Ron: That is a very interesting data point. And you mentioned, you know, in a year we'll probably see something different. Would you be comfortable to venture a guess? Is there anything that you're starting to see now that you or Coveware, based on the research you guys are doing and Covewave is doing, are seeing an uptake or an increase in?
Phil: No, nothing other than what we talked about at the top of the interview where hacks that are taking place on home computers and devices that are not part of the corporate or organizational networks. That's the big news story in the COVID period.
Ron: Perfect. All right. So, this is a perfect time. We're going to take a quick 20-second break to tell you where you can find out more information and insights about insurance innovation. We'll be right back.
[If you liked this episode of AI Wisdom, subscribe to our blog, Writing the Future: AI in Commercial Insurance at www.chisel.ai/blog for feature articles, interviews, opinions, and more.]
Ron: We're back with our featured guest. Phil Edmundson let's jump right into the next question. COVID-19 aside, I'm curious to see what trends you think are gonna have the biggest impact on the commercial insurance space in the short term.
Phil: As with respect to cyber insurance, you mean?
Ron: It could be in the cyberspace. It could be in general.
Phil: Well, generally, of course, we're moving into a marketplace that's hardening overall. This low interest rate environment is hurting the bottom line of big P&C insurance companies, and claims trends in many areas are worsening. All of that's leading to price increases, rate increases in most lines of business, including cyber insurance. Prices are going up modestly, but noticeably cyber insurance.
Ron: And would you say COVID has increased? Have you seen more appetite for coverage for cyber insurance during this period?
Phil: Yeah, we've seen two trends that are of note, Ron. One is that we've seen the number of applications from smallest organizations diminish. So that is probably consistent with the fact that in this down economy that small businesses are feeling more pain. So, prior to COVID, we were seeing growth in every segment of the economy. We have seen a reduction in the rate of increase of small business applications.
At the other end because of the increased reliance on IT assets during the time of COVID, medium and large-size organizations are buying more cyber insurance, and they are noticing more about the coverage differences, and they're buying broader policies.
Ron: Those are some very, very interesting trends. I'm curious to see if AI has been a game-changer as far as cyber insurance is concerned because I think on a broad spectrum, it has impacted and changed many ways that people think about claims and submission intake and policy check and all of these, you know, specific workflows in the underwriting process. I'm curious to hear if AI has changed the cyber process, as well.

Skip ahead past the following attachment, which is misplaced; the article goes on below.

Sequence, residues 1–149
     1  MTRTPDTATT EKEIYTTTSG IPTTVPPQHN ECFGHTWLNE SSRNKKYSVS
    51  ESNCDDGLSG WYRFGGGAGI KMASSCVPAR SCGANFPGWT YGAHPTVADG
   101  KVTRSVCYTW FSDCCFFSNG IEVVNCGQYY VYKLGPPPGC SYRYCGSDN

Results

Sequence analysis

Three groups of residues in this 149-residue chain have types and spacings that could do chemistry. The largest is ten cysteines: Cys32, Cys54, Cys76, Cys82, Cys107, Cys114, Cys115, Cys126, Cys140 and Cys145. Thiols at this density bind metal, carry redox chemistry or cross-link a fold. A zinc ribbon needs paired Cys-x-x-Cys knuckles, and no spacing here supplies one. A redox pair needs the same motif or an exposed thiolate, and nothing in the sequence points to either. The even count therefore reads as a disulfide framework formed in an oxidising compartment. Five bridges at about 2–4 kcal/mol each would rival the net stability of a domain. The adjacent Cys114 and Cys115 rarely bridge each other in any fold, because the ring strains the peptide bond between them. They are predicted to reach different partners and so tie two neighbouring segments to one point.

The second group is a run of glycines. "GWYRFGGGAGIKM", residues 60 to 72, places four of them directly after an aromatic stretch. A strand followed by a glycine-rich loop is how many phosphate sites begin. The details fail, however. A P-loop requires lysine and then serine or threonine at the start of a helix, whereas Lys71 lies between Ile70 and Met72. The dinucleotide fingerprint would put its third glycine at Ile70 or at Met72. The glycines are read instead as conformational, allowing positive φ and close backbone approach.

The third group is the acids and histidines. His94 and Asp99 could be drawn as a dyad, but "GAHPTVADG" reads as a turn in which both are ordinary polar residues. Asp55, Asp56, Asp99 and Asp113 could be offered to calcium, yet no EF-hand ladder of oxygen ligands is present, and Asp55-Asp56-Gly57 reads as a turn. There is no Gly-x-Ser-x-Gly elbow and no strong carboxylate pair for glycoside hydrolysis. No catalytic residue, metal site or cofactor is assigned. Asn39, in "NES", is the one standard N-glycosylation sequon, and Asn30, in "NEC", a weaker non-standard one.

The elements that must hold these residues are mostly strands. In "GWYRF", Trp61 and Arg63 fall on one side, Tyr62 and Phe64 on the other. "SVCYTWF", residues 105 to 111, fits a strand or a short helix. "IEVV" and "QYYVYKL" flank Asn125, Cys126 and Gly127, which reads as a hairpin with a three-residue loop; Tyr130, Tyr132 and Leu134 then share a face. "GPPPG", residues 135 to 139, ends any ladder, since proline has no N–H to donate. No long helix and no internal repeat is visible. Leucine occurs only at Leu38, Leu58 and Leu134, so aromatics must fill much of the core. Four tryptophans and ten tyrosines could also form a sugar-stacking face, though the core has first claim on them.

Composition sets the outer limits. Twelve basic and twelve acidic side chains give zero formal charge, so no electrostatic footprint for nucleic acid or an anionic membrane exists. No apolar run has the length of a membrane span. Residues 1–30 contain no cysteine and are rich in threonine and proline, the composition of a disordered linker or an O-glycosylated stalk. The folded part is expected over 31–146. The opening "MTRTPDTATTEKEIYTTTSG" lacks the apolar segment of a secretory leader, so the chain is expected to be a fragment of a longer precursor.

Phil: Yes. So, we use a series of tools that are best defined as machine learning tools. That's one part of AI by most people's definition.
Machine learning tools allow us to take data inputs and analyze our underwriting rules more quickly. This is a challenge for most conventional insurance companies who don't choose to move their underwriting levers very frequently. We, instead, take the view that we're getting new data every day, and that in a field like cyber insurance where the risk is very dynamic, as we've been talking about, and the defenses, the response to risk, is also very dynamic, it's important to be feeding the underwriting machine with new information and changing underwriting rules much more quickly.
Ron: I would totally agree. Machine learning is a hundred percent a part of artificial intelligence. So, I don't think you're off-base there. Customer-centricity is a key objective for many carriers and brokers. Obviously, you've had much experience as a broker. So how do you feel insurance carriers can align with insurtechs to better deliver a customer experience? And in this case, when I say customer, I think as a carrier, you have two customers. You have the broker, and then you have the end policyholder.
Phil: Ron, we think exactly alike. These are both important customers. And, in fact, we have a third customer, which is our internal customer, our underwriters. We try to build technology that brings value propositions for all of them.
By using machine learning to make underwriting decisions for many of the accounts that we evaluate, we hope to provide value to everyone, including making our underwriters more productive and allowing them to focus their energies on the more important and difficult judgment calls, rather than the routine repetitive exercise of much commercial insurance underwriting today.